Of course, the Parliament of the United Kingdom reserves the right to enact any legislation it likes, automatically overriding that enacted by any devolved body. It should do so as a matter of course. Anyone who objects should have voted against devolution, the legislation for which specifically states that this is the case. I bet they didn't.
Meanwhile, practically all Labour MPs from Scotland are now anti-devolution really. Many from Wales always were, and they now have a seriously sceptical Secretary of State to back them up. And even Lib Dems from the Highlands, the Islands, the Borders and Mid-Wales are extremely unlikely to vote more powers or more money to Edinburgh or to Cardiff. They have no more time for the amateur politicians (regardless of party) there than have Labour MPs.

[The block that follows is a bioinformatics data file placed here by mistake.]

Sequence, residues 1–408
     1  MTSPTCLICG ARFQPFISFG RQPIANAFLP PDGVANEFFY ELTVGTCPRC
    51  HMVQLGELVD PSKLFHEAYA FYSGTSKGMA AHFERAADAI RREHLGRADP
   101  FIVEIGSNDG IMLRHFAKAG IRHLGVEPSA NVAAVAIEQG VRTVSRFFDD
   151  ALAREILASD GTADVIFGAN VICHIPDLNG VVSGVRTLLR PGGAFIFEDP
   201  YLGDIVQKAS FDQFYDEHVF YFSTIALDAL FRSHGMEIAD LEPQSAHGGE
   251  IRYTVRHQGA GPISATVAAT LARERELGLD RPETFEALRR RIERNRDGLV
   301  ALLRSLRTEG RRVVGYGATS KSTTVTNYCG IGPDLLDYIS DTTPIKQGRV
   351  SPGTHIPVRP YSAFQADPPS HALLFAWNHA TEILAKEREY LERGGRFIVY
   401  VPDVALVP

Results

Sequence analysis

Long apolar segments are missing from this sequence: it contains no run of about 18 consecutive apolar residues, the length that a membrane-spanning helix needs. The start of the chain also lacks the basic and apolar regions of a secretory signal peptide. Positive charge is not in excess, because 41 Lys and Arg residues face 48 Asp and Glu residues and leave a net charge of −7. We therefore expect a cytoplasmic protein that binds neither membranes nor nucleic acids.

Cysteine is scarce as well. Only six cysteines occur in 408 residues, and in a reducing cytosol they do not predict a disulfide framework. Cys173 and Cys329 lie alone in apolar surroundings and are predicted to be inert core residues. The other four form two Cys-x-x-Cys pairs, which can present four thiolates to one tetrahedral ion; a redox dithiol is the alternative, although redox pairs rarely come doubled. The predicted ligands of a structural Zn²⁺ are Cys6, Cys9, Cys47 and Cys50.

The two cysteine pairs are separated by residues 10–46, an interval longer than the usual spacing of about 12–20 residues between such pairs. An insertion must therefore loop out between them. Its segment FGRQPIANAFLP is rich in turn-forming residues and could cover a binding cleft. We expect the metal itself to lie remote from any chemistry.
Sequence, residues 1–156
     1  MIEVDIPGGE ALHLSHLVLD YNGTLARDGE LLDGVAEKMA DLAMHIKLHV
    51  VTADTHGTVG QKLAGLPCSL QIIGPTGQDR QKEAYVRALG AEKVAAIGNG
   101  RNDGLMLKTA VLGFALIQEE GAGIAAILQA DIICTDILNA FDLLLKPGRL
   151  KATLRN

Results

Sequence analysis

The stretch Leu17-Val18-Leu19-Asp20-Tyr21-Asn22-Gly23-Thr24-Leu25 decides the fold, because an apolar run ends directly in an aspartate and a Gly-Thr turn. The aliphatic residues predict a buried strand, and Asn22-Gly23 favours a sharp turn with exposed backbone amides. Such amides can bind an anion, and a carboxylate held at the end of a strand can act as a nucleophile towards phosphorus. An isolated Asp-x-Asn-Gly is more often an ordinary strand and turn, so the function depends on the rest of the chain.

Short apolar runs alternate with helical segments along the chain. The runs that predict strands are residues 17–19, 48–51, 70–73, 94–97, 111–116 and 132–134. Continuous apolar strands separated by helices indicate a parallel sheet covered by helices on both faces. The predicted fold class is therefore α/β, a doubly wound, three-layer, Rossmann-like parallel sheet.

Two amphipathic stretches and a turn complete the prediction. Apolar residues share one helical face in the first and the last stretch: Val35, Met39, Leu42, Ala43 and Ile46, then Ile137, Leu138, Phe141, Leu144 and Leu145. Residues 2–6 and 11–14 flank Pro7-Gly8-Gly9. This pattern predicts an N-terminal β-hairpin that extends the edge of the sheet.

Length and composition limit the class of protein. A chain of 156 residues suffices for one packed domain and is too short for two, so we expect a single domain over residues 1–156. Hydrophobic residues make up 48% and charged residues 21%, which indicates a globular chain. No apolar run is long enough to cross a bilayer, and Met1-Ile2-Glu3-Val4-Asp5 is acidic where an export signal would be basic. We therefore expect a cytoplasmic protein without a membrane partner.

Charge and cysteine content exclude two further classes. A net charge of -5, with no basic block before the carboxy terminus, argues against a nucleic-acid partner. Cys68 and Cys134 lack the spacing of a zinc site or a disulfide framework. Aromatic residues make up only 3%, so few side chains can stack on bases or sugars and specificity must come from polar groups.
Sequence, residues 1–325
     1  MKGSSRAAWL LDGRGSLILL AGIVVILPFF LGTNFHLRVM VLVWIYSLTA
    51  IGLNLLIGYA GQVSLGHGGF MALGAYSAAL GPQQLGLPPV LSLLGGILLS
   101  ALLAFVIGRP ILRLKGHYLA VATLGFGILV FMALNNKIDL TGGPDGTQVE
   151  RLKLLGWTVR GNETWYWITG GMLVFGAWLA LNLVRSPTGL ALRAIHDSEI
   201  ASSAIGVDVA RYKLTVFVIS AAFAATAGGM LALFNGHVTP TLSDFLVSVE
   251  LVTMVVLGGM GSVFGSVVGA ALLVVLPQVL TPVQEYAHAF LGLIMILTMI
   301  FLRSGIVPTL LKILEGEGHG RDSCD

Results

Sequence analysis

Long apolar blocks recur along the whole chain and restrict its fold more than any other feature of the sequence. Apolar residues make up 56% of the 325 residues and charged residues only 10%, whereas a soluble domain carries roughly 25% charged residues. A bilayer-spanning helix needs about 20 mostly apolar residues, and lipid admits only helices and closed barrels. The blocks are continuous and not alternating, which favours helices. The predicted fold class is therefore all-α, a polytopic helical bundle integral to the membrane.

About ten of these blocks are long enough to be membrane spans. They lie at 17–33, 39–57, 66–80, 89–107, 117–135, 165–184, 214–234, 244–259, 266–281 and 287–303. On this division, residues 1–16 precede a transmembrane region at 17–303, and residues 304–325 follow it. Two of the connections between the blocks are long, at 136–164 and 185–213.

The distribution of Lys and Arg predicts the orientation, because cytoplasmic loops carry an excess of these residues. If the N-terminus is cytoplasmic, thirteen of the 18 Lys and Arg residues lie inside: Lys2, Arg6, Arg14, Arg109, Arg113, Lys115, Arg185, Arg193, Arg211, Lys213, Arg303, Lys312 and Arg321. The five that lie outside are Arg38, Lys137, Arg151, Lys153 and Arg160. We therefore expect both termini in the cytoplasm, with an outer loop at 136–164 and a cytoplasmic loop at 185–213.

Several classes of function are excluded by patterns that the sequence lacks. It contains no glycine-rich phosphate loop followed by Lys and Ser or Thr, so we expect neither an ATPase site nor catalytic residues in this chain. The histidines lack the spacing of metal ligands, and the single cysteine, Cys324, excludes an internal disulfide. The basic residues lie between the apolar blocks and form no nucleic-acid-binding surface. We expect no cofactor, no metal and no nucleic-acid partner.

So there would be no Labour or Lib Dem votes against such legislation on principle regardless of its specific content, and no Labour or Lib Dem votes (at least, not from off the payroll and from Scotland or Wales) in favour of further devolution in the unlikely event that any such Bill were ever even introduced.
There is the faint smell of a Nineties leftover, slowly decaying away to nothing like so many other half-forgotten aspects of the Blair Era, including Blair himself. Twenty years from now, will anyone even remember that there ever was a Scottish Parliament or a Welsh Assembly? Will anyone remember the latter even ten years from now?